Several months later, my sister phoned to tell me that she had just been to the changing room in question, and that there was a cleaning lady posted who regularly ensured both the mens and womens changing rooms were clean, wiping mirrors, vacuuming, picking up litter and, well, whatever else might be left behind.



I've never been more poorly treated by a place of business, ever, than at a laundromat near my condo.

I needed some quarters to do some laundry, since my apartment complex has machines but no coin machines. I walk into this place, hoping to get some quarters. There's a huge sign posted, "COIN MACHINE ONLY FOR CUSTOMER USE."

I get it, no problem. I'll just exchange my bills so the whole trip over wasn't for naught-- plus that way I'll have extra quarters in the future-- go back to my place, grab my laundry, and drive back.

The manager/owner/bitch walks over, and SCREAMS at me to get out, that those machines are only for customers. I try to explain that I don't live very far away, that I'll come right back and do my laundry... BE a customer. She yells at me, NO! NO NO NO! and tells me that if I come back with laundry, she'll exchange the EXACT amount of quarters that I need, up at the desk.

See, that's just not gonna work for me. Mostly because I don't like being called a liar.

So I turn away from her, she goes behind the counter, and TURNS OFF the coin machine. Are you joking me?



When I was 18, my parents took 6 of us to Fuddruckers. After paying over $50 for hamburgers and fries, (super-expensive in 1992) I picked up the order at the counter. I checked the order and informed the cashier that they had forgotten the cheese on three of the burgers. She told me I would have to give her 45 cents to fix the order. I explained that they had made the mistake, but she would not give it to me without me paying. I declined and was annoyed at the error. The next day, I called the manager and said that I was frustrated that after paying $50 for fast food they would not cough up the 45 cents of cheese due to their error. I said it was poor customer service. He apologized and said he would send me a $10 gift card, which made me feel better....until it never arrived! I know it was just a silly event, but that was over 20 years ago and I have never been back to a Fuddruckers since (plus, I have shared my annoyance with a few people over the years...)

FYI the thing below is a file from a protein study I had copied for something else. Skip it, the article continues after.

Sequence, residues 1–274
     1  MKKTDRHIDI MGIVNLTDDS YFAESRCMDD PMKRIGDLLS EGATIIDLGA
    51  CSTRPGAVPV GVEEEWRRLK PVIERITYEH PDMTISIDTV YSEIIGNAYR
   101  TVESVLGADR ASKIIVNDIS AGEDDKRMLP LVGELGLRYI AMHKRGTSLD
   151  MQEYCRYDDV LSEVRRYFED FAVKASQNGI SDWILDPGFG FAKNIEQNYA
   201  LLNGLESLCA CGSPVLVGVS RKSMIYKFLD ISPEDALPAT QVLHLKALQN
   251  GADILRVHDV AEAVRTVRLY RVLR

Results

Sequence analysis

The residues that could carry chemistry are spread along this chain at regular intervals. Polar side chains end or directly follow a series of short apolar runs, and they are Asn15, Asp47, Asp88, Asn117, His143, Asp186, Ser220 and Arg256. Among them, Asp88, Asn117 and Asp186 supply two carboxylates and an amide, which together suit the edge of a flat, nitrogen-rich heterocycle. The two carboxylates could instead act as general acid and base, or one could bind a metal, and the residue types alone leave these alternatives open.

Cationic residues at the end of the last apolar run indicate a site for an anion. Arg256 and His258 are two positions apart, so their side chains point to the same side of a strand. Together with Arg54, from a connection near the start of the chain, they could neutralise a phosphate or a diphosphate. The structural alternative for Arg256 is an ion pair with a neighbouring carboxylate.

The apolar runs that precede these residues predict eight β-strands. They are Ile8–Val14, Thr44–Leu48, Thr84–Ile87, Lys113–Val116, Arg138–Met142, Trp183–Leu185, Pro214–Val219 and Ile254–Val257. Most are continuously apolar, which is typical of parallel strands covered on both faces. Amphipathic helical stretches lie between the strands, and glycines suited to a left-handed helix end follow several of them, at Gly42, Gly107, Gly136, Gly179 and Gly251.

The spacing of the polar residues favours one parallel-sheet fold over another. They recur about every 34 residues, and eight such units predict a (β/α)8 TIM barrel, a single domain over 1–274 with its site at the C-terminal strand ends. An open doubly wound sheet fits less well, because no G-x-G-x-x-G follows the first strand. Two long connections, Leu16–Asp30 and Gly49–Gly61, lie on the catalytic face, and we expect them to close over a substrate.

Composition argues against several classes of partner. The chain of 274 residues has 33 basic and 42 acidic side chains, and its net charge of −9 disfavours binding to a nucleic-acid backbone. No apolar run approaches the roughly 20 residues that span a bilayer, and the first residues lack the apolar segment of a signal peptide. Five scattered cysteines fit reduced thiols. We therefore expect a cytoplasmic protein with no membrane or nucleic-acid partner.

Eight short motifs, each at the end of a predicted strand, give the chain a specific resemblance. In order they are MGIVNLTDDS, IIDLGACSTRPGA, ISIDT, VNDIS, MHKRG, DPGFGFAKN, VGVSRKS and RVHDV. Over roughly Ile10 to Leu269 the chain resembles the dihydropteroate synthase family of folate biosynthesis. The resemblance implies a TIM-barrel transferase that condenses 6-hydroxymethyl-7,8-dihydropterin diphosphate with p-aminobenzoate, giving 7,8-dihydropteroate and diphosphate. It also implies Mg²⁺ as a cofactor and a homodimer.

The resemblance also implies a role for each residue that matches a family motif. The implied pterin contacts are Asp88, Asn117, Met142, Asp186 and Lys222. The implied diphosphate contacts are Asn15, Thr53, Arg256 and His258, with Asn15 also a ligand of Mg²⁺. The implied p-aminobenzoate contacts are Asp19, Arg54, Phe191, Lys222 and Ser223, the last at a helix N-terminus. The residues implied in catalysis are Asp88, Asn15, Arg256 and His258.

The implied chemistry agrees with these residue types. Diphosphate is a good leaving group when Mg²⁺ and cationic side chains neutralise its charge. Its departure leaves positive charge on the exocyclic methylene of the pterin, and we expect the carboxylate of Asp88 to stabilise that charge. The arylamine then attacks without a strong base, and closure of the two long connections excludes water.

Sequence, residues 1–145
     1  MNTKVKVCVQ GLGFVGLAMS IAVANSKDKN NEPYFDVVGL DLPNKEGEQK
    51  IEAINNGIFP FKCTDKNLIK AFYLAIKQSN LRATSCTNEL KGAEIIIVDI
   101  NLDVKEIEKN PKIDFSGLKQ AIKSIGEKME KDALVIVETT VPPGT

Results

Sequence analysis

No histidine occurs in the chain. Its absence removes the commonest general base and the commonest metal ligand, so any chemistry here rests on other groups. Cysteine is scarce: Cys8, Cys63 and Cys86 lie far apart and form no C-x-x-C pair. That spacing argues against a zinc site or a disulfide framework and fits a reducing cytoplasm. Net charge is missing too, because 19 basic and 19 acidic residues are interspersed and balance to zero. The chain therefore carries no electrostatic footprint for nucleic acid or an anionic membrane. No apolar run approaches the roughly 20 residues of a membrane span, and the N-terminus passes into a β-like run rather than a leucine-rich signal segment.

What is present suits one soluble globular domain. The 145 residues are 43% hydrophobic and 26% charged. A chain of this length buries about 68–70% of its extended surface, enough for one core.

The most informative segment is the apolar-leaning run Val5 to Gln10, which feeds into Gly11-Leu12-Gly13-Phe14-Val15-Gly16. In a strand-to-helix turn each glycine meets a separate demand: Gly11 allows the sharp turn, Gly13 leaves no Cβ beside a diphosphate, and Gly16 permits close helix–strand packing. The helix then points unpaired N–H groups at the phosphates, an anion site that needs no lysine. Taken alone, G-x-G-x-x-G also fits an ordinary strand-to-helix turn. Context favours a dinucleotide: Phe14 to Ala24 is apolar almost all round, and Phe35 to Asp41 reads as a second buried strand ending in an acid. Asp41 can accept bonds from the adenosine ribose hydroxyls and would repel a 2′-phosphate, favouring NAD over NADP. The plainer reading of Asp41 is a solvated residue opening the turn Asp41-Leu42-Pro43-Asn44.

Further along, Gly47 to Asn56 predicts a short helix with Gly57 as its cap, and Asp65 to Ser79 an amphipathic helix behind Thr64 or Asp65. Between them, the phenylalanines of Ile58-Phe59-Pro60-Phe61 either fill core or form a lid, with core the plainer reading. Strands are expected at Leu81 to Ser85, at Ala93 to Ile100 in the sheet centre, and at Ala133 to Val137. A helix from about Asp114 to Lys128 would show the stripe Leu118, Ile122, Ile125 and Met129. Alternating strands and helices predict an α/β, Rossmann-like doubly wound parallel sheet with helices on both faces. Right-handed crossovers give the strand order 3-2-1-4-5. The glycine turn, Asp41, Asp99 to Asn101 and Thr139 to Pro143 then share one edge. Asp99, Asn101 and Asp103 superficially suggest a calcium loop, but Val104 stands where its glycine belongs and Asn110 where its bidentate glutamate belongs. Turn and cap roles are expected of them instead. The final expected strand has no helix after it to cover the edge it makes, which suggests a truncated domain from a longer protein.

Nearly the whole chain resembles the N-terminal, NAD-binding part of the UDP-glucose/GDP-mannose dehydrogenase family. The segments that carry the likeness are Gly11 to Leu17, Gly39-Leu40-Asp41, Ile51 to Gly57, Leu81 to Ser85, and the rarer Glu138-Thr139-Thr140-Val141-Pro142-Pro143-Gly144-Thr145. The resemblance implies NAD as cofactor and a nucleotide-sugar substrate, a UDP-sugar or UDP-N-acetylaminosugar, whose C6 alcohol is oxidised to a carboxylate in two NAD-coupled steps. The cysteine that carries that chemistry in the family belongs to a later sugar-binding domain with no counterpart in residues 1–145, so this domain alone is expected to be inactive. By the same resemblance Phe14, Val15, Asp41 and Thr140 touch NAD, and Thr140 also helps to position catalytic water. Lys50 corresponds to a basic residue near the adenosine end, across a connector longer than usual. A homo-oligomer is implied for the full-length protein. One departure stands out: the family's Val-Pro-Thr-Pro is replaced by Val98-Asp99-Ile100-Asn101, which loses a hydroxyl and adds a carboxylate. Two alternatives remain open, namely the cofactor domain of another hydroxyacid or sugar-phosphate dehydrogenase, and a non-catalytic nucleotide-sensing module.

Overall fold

Axel Kassel

Some years ago, I bought my son a Sony portable cassette player (remember those?) at a Best Buy. The unit was DOA: on battery or AC, dead as Prohibition. I took it back to Best Buy. The clerk said I would have to pay a restocking fee ($15, I think, or maybe 15%) because I hadn't returned it in the original package. I retrieved a fresh unit from the display and asked to see the manager. I pointed out that the instructions on the clear-plastic clamshell package said to cut it open. I had done so and naturally discarded the mutilated and now-useless package. The manager went through several snooty rounds of quoting policy until I threatened to write the state AG's consumer-fraud division and the FTC. Then he offered to waive the fee so long as I was taking a replacement unit rather than a refund. Convinced that Best Buy not only had poor sales help but was governed by hidebound idiots, I never set foot in another of their stores. May they follow Circuit City into ignominious extinction.



My very first job was selling Pronto-Pups (basically corn dogs) at the Minnesota State Fair. My first day on the job, my boss, who happened to also be my dad's friend, pulled me aside and told me the following (quoted only to the best of my memory, minus the expletives): "We don't get repeat business. People come here for one day every year, they buy one Pronto, and we don't see 'em again. Next year they're gonna be by some other stand when they want one. Maybe we'll see 'em again 5, maybe 6 years from now. Besides, it's the Fair, they expect bad service. So, if one of them gives you any attitude, let 'em have it. If you're stressed out and you want to vent, go ahead. If you just want to be a smart-ass for a minute, don't worry about it. It doesn't change my business."

Of course, being 15, I found a lot of reasons to say a lot of really terrible things to the customers. And the idea that there wouldn't be any consequences was just too much for me to resist. Now, I wish I could go back and apologize to those people for the things I said. But my boss was right. He made more money every year, no matter how badly he and his staff treated the customers.

Anyway, I guess my point is that when you remove the possibility of repeat business, you also remove most of the incentive for any kind of positive retail etiquette policy.